World Autism Awareness Week 2020

30 March 2020

World Autism Awareness Week 30 March to 5 April

This week is World Autism Awareness Week and with the help of autistic people and their families, the National Autistic Society has created handy tips to support autistic people.

As one in 100 people are autistic if each of us can understand how better awareness and small adjustments can help break down some of the barriers autistic people face we can help create a society that works for the 700,000 autistic people in the UK.  Please take a look at the following and consider how you could help with small changes.

1. Autistic people may feel anxiety about unexpected changes or events

Top Tips

  1. Give people as much notice as possible about changes to plans or events that they may not be expecting
  2. If someone is distressed because of changes or unexpected events, give them time to calm down
  3. Understand that what might feel like a small change or a nice surprise to you, can seem very scary to some people

2. Autistic people may be under- or over-sensitive to sound, smells, light, taste and touch.  This is called sensory sensitivity

Top tips

  1. Provide a quiet space to retreat to when needed
  2. Understand that autistic people can be extremely sensitive to things like noise, bright lights or certain types of touch - for some even hugging can be painful
  3. If you know you are going to places with bright lights or loud noises, give people advance warning so they can plan for this or prepare themselves

3. Autistic people may need extra time to process information, like questions or instructions

Top tips

  1. Take time to explain things clearly and give people time to process and respond
  2. Remember clear communication is good for everyone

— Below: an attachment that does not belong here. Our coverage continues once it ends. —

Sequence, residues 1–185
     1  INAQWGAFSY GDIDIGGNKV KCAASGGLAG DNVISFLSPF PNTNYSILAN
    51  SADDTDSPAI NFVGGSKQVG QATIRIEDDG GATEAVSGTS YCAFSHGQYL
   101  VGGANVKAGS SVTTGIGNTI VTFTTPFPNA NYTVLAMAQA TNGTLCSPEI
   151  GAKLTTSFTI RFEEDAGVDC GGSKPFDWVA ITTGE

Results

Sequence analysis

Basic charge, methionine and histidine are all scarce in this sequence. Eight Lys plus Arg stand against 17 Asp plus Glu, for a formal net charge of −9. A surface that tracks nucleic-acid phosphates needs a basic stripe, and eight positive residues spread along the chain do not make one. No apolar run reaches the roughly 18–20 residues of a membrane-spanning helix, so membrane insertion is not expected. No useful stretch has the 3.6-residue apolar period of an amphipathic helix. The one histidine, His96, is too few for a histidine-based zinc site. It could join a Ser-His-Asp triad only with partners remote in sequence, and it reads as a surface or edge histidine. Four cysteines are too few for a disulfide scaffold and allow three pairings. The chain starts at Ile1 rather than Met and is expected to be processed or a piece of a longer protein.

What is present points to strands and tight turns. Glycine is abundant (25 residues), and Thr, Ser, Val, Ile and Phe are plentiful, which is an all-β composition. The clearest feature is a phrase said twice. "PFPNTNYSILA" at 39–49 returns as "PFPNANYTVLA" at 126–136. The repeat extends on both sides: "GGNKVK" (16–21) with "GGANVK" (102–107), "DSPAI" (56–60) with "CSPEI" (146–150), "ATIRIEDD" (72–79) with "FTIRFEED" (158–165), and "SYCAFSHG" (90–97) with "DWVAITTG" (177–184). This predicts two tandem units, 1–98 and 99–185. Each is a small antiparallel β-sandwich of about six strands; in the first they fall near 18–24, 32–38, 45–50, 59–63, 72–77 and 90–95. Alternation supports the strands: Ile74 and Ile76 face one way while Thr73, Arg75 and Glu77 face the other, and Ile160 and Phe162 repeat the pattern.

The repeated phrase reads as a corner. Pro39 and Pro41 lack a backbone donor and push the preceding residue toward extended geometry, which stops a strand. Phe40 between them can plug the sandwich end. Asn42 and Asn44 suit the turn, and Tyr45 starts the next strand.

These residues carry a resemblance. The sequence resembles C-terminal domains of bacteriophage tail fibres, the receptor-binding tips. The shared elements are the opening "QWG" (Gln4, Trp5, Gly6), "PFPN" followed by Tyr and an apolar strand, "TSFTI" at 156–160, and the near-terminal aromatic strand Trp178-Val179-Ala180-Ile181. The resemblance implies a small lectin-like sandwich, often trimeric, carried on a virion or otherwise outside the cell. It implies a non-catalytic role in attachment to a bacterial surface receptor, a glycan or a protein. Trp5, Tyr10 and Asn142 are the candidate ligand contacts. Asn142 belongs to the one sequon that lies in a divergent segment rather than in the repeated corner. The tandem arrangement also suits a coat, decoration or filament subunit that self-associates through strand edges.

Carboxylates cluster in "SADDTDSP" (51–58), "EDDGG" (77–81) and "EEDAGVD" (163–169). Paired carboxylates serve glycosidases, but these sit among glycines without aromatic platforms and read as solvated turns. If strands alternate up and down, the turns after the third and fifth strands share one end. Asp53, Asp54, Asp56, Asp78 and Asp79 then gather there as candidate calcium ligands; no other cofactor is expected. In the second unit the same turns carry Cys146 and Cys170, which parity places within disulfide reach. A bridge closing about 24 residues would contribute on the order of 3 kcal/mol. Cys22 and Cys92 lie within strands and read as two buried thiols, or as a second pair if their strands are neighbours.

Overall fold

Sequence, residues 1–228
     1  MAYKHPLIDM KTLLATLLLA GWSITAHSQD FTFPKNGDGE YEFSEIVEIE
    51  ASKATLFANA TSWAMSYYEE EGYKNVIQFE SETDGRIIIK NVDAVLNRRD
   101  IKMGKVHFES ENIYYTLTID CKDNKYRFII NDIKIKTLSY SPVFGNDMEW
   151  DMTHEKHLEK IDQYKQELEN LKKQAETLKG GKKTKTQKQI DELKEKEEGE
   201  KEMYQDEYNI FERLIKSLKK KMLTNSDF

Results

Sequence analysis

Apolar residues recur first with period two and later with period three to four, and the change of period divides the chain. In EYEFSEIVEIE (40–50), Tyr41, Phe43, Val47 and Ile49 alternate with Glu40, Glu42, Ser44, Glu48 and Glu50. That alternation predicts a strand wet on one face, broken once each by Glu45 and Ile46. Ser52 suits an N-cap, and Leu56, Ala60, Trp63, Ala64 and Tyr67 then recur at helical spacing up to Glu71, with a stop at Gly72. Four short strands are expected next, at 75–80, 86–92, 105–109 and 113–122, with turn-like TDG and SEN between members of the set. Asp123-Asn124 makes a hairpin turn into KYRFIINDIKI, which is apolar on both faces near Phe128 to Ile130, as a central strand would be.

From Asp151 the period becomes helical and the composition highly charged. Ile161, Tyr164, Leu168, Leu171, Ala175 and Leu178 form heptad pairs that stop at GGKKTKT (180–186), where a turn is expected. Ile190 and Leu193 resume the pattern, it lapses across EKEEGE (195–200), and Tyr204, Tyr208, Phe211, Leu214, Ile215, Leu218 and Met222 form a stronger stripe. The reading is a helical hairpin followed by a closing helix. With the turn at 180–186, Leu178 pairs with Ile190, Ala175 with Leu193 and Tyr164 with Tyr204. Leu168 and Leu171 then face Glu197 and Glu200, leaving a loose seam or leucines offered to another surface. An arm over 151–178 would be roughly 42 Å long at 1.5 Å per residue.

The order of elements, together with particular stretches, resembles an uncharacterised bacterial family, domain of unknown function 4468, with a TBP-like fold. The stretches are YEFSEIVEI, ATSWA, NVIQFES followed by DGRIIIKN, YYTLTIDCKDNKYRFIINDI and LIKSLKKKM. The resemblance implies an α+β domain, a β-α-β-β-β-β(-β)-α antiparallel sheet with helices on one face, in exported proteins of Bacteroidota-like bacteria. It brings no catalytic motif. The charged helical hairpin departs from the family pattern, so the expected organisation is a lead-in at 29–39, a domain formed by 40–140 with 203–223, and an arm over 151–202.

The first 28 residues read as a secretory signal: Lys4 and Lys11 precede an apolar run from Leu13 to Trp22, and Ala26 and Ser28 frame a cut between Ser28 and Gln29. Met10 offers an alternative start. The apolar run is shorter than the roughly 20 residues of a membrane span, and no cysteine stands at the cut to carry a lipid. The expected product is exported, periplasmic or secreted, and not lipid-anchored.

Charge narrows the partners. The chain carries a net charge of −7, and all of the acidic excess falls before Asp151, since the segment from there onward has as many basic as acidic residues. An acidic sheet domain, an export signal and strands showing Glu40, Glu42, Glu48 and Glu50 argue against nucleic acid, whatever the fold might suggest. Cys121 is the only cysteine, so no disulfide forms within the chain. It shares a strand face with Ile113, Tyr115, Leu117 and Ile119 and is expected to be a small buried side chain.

3. At work or school, make sure important points like rules or instructions are given in writing

4. Autistic people may face high levels of anxiety in social situations

Top tips

  1. When arranging social events give plenty of notice and as much information of what to expect as possible
  2. Provide a quiet calmer space at your event where people can retreat to
  3. Think about how to alleviate the anxiety - like sitting your autistic guest next to someone they know 

5. Autistic people may have difficulties communicating and interacting with others 

Top tips

  1. Do not rely on body language or facial expressions as some autistic people can struggle with this
  2. If someone is having difficulty communicating, give them time.  If you still don't get a response, try re-phrasing what you said
  3. Try to avoid any irony, sarcasm, abstract language and idioms as some autistic people find it difficult to understand.  use clear language and say what you mean.

For further information and support visit the National Autistic Society website at

For guidance and useful information for autistic people during the Corona Virus click here